Genesis 45:6: “For the famine has been in the land these two years, and there are yet five years in which there will be neither plowing nor harvest.”
Not being able to plow only happens when the areas are flooded. If the ground were dry, plows would be able to work the ground. Actually, it turns out Joseph helped solve the problem in more ways than one. There was a canal built during this time, modern-day Birket Karun. During the time of Joseph, it was Lake Moeris. This canal was built to drain the water into a lake, protecting the crops. Pharoah was so pleased with the construction of the canal that he built his pyramid there to honor the project. The canal is named Bahr Yusef, which means the Waterway of Joseph. This is yet another layer in the growing support of the biblical account.
That the land of Goshen was given to Jacob’s descendants is true, the famine really happened, and Joseph’s involvement is fact.
Archeologists have found the palace home of a powerful Semitic ruler in the land of Goshen (later Avaris). The details of the home may support the biblical account. The palace is Egyptian in style but built for a Semite holding political power in Egypt. The home has two sections that were added on, each identical, where the sons of the Semite ruler would live. The Bible says Joseph had two sons, Ephraim and Manasseh. The original palace also had 12 columns in front, which fits with the 12 sons of Jacob. When you enter the grounds at the rear of the palace, there are 12 primary tombs, the 12th of which is a small pyramid tomb.
Joseph told his descendants to take his bones when they leave Egypt, and they did. When we look in the pyramid tomb presumed to be Joseph’s, the bones have been removed. Some suggest this was done by a grave robber. But the way they were removed was through a complicated tunnel dug carefully so as to not disturb the tomb. Grave robbers don’t bother doing that, and many grave robbers don’t take bones. Inside the tomb, we do find something stunning, though: a statue of a yellow forehead with red mushroom-style hair (Semite colors). The statue has a throwing stick, and the clothing of the individual is multi-colored with dye still visible on the statue.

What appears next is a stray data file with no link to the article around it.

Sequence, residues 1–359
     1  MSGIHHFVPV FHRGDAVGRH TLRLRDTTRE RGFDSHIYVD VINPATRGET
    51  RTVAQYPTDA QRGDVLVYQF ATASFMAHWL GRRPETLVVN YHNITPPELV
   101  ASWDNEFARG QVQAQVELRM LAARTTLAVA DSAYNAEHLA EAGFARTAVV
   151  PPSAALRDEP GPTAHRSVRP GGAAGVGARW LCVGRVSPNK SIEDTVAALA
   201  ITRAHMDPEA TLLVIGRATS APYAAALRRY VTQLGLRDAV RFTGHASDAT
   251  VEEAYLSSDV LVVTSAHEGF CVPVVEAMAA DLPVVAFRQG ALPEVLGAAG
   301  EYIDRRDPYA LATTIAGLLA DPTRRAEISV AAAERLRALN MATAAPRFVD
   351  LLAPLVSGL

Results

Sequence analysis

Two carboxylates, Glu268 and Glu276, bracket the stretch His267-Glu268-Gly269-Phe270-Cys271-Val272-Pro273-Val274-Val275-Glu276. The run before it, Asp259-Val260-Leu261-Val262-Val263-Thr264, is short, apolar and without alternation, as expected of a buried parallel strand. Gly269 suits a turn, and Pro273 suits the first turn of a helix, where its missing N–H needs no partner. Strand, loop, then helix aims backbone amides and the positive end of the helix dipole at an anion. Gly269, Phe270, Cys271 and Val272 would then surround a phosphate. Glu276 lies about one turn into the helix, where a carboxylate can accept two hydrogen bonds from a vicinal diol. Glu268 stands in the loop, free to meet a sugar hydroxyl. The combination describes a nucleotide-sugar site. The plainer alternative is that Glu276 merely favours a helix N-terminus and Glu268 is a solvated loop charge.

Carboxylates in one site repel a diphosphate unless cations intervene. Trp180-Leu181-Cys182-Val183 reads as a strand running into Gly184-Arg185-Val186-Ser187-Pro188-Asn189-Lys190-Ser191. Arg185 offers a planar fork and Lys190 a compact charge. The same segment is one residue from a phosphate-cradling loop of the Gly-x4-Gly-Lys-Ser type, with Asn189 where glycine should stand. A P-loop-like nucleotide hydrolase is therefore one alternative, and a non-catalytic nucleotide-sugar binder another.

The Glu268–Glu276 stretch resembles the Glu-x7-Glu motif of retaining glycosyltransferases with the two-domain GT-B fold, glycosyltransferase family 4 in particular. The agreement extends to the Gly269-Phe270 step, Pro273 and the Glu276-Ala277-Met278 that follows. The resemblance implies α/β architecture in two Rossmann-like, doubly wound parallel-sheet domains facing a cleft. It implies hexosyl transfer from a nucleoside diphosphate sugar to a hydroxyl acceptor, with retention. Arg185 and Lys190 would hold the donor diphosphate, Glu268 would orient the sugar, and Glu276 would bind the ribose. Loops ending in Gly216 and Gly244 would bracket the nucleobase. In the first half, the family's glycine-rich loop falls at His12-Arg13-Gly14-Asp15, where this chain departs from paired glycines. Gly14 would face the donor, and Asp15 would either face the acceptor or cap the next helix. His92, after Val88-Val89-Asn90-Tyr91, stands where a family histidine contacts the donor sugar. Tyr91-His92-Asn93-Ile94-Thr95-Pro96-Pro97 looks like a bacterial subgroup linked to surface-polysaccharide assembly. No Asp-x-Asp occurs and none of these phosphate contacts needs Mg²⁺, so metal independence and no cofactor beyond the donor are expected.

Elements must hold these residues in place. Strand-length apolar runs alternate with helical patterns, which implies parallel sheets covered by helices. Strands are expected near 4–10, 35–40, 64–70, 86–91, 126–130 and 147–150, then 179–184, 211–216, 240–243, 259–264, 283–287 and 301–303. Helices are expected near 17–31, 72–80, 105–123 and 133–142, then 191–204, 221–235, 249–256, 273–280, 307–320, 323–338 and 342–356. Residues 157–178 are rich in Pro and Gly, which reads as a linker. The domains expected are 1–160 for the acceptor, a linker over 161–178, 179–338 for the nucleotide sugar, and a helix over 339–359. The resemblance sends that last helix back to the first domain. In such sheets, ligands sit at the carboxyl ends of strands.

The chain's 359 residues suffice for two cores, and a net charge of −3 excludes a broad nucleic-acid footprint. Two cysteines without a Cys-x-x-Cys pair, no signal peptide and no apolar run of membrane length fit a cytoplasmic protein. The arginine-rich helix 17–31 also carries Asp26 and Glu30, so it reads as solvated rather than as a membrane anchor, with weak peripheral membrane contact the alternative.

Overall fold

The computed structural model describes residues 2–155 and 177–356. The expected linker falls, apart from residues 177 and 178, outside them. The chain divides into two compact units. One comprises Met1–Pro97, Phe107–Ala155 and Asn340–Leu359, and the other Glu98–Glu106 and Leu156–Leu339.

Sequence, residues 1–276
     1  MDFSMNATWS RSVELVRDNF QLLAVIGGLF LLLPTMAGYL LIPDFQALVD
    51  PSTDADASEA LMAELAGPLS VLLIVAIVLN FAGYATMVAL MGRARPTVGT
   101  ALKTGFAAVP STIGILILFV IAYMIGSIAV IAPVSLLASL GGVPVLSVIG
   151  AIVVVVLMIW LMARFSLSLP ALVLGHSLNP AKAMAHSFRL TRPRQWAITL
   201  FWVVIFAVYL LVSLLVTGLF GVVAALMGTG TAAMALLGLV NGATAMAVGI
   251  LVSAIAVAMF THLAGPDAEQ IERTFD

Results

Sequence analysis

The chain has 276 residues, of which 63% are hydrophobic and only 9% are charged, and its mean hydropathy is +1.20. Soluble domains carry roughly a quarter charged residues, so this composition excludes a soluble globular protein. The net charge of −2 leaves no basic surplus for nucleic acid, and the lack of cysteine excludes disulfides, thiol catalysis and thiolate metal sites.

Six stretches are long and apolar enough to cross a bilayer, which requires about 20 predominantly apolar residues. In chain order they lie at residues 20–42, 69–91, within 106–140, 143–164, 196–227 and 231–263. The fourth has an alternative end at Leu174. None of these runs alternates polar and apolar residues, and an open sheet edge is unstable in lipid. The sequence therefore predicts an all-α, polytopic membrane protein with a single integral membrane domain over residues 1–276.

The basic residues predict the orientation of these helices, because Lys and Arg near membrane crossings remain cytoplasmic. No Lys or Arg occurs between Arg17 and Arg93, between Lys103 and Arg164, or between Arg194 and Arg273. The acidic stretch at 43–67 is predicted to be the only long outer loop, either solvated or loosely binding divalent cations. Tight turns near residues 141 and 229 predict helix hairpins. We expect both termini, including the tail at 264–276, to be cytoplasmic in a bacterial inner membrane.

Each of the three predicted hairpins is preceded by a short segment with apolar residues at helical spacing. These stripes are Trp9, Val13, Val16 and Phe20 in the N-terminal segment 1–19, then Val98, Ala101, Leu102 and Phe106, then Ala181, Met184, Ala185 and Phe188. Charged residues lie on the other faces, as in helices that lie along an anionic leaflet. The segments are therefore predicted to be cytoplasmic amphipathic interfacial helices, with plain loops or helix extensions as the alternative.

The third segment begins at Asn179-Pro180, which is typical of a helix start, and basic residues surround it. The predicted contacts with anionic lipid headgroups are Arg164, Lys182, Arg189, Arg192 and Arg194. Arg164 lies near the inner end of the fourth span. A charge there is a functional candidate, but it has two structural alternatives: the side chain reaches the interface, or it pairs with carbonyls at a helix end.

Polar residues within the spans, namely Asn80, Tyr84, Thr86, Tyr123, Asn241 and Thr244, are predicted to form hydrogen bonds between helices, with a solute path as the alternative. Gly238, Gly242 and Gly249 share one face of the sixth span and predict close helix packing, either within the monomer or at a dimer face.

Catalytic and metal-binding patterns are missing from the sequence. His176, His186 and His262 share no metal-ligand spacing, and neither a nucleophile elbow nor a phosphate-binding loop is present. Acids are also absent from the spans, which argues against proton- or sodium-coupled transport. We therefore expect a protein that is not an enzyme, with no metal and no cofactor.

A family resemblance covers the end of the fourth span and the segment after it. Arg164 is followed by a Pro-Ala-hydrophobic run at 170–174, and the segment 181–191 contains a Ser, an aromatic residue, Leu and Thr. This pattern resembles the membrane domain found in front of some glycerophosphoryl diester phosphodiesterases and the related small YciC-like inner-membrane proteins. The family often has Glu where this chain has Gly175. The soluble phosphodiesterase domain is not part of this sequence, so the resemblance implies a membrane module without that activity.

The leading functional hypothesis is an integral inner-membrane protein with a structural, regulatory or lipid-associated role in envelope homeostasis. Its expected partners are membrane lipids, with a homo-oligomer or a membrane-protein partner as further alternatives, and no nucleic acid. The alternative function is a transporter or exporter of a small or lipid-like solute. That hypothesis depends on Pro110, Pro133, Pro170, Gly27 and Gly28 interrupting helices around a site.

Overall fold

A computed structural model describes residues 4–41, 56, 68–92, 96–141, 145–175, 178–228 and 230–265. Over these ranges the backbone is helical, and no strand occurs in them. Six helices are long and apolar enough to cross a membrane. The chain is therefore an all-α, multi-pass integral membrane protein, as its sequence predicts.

Not only is there broad evidence for the story of Joseph in Egypt, but archeologists found a statue of Joseph with a multi-colored coat in an Egyptian-style tomb, which only high-ranking Egyptian officials have. These findings also credit Joseph with solving the problem of a famine.
Working back 440 years from the destruction of Jericho, we find exactly what we would expect if the Bible is true. The Bible isn’t merely correct in its account of creation through the Tower of Babel. The details that follow continue to be supported by archeology and history.